- The California Health Care Quality and Affordability Act has, among other things, established the Office of Health Care Affordability, whose portfolio is to collect and report data that are informative to the legislature and the public regarding healthcare expenditures and cost trends.
- The Office of Health Care Affordability has the authority to analyze healthcare mergers, acquisitions, affiliations and other transactions. Therefore, with few exceptions, healthcare entities will be required to provide written notice to the office of any potential agreement or transaction that will occur on or after April 1, 2024, that involves: (i) the sale, transfer or other disposal of a material amount of assets; or (ii) the transfer of control or governance of a material amount of assets or operations.
- Although the Office of Health Care Affordability does not have the authority to block or challenge healthcare transactions, it could nonetheless have a significant adverse effect on healthcare dealmaking in California, raising concerns over timing of transactions, premature disclosure, confidentiality and cost.
On June 30, 2022, Governor Gavin Newsom signed California’s $308 billion state budget, which included, as a budget trailer bill, the California Health Care Quality and Affordability Act (“SB 184” or “the statute”). The statute, among other things, establishes the Office of Health Care Affordability (“OHCA” or “the office”), whose portfolio is to collect and report data that are informative to the legislature and the public regarding healthcare expenditures and cost trends in order to develop data-informed policies and enforceable cost targets. California joins a number of other states, including Massachusetts and Oregon, in the establishment of a healthcare cost commission. Although the statute does not grant OHCA authority to block or challenge healthcare transactions, it could nonetheless have a significant adverse effect on healthcare dealmaking in California.
Because OHCA has the authority to analyze healthcare mergers, acquisitions, affiliations and other transactions, with few exceptions, healthcare entities will be required to provide written notice to OHCA of any potential agreement or transaction that will “occur” on or after April 1, 2024, that involves:
- the sale, transfer or other disposal of a material amount of a healthcare entity’s assets; or
- the transfer of control or governance of a material amount of the assets or operations of a healthcare entity.
The statute does not define “material amount of assets” for these purposes, nor does it limit the notice requirement to healthcare entities that have significant market share, to transactions with a certain threshold value, or by any similar measure. Further, the statute purports to require notice to be made regardless of the jurisdiction of the transacting parties, so long as the transaction involves a healthcare entity that has healthcare operations in California.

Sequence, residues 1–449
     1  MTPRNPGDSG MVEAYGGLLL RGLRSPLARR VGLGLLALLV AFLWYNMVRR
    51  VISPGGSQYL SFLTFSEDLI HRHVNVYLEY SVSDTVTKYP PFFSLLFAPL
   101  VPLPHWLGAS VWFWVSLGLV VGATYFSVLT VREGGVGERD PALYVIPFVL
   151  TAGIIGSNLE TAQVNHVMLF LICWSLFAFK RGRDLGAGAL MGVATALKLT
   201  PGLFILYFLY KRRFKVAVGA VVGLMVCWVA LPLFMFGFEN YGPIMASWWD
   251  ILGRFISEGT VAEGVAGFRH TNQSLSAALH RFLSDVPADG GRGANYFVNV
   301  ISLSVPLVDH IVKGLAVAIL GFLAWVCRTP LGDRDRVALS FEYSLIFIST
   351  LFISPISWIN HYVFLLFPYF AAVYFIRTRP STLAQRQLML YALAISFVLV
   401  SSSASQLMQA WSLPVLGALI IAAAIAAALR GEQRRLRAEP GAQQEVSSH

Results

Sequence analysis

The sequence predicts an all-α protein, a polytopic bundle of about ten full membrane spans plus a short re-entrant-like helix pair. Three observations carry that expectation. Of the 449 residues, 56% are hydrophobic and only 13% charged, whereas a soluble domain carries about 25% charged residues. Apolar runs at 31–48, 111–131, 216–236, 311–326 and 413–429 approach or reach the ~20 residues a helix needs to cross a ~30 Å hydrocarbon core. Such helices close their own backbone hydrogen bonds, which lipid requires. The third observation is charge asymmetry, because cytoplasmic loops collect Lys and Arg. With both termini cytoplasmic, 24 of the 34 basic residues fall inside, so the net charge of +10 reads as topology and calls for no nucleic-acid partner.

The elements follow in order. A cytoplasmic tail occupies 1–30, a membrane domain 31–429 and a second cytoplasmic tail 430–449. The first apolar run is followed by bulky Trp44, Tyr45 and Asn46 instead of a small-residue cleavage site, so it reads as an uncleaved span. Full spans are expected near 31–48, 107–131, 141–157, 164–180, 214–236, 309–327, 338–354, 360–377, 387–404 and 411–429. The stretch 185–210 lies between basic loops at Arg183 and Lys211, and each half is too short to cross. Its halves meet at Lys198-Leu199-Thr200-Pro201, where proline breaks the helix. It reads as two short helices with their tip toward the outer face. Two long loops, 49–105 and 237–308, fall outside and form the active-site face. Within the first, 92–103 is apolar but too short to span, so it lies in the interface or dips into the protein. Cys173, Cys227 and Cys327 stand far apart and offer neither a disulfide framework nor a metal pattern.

As written, SB 184 raises concerns over timing of transactions, premature disclosure, confidentiality and cost:
Timing. Written notice must be made to OHCA 90 days prior to entering into a transaction agreement (as opposed to 90 days prior to closing). The office then has 60 days to determine whether the transaction is likely to have a risk of a significant impact on market competition, the state’s ability to meet cost targets, or costs for purchasers and consumers. If it determines in the affirmative, it must conduct a cost and market impact review, considering a variety of factors, including cost, access, quality and “equity,” and may also consider the benefits of the transaction. No transaction for which OHCA conducts a review may close for 60 days following its delivery of a final report.
While OHCA has no express authority to block an agreement or deal, the timeline would in many cases be unworkable in practice; rarely do parties know 90 days in advance of signing that they actually have a deal. If the transacting parties deliver the notice shortly before they are prepared to sign, even where the office decides not to prepare a report, the signing would nonetheless be held up for 90 days, during which time facts material to the deal could change. While deals could be structured to account for the risk, many deal participants may nonetheless be unwilling to accept it.